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Describing images and forms

The alt attribute is set on the img element; it specifies alternative information for users who cannot see an image. All images should have one. If an image is missing this attribute, the screen reader will read out the file name of the image – very annoying for the user, if the file name is a long string of random characters and numbers. For decorative images the alt attribute should be set to an empty string. This tells a screen reader to skip over it. For all other images, provide a concise informative desciption of the image.


Managing focus

For keyboard-only users you can think of focus as their cursor. Focus is moved forwards with the Tab key, backwards with Shift-Tab, and it can jump to another region via a keyboard shortcut.

Most browsers display focus as an outline around the focussed element. Some users cannot see this outline, but they can still be aware of where focus is, if it's managed correctly.


Creating a logical DOM

The Document Object Model (DOM) is an API for HTML and XML documents. It defines these documents as tree structures, which can be accessed and manipulated.

Screen readers look into the DOM, not at what is displayed on the web page/application. Keyboard-only users navigate the DOM in order, from top to bottom, moving focus to navigate up and down. Blind and low-vision users will, likely, be unaware if elements on the web page have been visually re-ordered with CSS. This is why it's important to have DOM elements ordered logically. For example:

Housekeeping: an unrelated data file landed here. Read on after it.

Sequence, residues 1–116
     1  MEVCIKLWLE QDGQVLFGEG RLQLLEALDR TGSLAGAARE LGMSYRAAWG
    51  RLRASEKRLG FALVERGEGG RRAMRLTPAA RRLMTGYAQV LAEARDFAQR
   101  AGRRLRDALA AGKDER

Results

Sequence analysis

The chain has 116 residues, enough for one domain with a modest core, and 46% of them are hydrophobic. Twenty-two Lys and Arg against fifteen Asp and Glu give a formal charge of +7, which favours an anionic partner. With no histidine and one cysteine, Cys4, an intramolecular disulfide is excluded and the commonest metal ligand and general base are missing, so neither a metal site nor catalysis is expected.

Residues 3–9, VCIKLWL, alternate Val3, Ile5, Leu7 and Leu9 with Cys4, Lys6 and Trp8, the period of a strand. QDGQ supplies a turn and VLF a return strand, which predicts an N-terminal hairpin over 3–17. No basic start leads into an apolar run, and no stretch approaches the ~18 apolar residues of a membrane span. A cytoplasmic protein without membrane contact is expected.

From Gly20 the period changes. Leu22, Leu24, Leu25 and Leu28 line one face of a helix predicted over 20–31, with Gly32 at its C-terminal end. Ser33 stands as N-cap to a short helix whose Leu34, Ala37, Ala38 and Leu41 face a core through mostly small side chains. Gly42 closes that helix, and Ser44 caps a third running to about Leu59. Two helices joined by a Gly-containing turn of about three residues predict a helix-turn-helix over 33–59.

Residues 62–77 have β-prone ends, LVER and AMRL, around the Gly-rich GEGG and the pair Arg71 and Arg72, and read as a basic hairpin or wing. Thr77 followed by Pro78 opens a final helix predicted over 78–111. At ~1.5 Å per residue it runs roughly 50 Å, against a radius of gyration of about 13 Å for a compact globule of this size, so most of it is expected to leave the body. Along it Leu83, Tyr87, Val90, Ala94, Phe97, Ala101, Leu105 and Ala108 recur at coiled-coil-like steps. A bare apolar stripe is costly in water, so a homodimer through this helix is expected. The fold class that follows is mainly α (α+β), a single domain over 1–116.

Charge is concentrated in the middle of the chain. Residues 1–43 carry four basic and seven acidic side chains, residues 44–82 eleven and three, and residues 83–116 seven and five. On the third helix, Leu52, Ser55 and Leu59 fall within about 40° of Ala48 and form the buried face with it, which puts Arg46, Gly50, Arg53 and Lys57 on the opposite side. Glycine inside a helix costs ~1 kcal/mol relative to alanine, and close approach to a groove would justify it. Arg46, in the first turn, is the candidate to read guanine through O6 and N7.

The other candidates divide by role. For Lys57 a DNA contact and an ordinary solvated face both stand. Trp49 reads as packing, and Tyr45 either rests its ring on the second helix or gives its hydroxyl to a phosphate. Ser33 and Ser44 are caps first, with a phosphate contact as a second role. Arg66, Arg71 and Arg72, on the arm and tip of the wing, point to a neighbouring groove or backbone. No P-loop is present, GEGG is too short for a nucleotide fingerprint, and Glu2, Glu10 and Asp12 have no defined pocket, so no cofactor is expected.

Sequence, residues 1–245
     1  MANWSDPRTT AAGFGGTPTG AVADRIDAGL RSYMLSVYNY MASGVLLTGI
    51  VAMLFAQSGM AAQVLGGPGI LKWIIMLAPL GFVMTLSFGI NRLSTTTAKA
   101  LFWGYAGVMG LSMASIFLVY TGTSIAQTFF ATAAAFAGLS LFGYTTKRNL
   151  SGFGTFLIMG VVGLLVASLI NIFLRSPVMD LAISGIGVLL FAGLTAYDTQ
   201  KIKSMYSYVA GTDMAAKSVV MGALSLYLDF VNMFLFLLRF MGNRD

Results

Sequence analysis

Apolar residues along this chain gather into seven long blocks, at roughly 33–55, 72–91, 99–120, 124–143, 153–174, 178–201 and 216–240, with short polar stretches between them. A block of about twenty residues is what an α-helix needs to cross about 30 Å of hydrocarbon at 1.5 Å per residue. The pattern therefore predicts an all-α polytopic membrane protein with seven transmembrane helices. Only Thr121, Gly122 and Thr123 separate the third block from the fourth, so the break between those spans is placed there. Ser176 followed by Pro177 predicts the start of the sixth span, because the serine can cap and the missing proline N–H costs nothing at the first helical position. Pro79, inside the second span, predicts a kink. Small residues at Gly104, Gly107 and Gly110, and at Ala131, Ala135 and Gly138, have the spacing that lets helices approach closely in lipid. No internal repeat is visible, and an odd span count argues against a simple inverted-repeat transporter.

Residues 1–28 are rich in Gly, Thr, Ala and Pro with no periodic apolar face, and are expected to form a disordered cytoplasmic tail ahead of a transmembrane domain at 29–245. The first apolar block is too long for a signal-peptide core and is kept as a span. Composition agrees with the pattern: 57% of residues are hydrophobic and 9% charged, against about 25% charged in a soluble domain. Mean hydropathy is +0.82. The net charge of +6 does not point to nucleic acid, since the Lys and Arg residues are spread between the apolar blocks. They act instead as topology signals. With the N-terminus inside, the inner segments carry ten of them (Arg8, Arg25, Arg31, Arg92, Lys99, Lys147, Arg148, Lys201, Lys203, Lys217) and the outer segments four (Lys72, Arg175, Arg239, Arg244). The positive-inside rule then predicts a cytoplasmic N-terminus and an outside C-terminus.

Keyboard interaction: special keys and shortcuts

On a web page/application, the 'special' keys – Tab, Space, Esc etc. – can perform generic keyboard interactions. They move the focus to the next or previous element, or they open or close something, or they start or stop a process. Sometimes, their functions can be reversed or altered by holding down the Shift, Ctrl, or Alt keys simultaneously. A well designed keyboard interaction should behave in a way that a user would intuitively expect it to.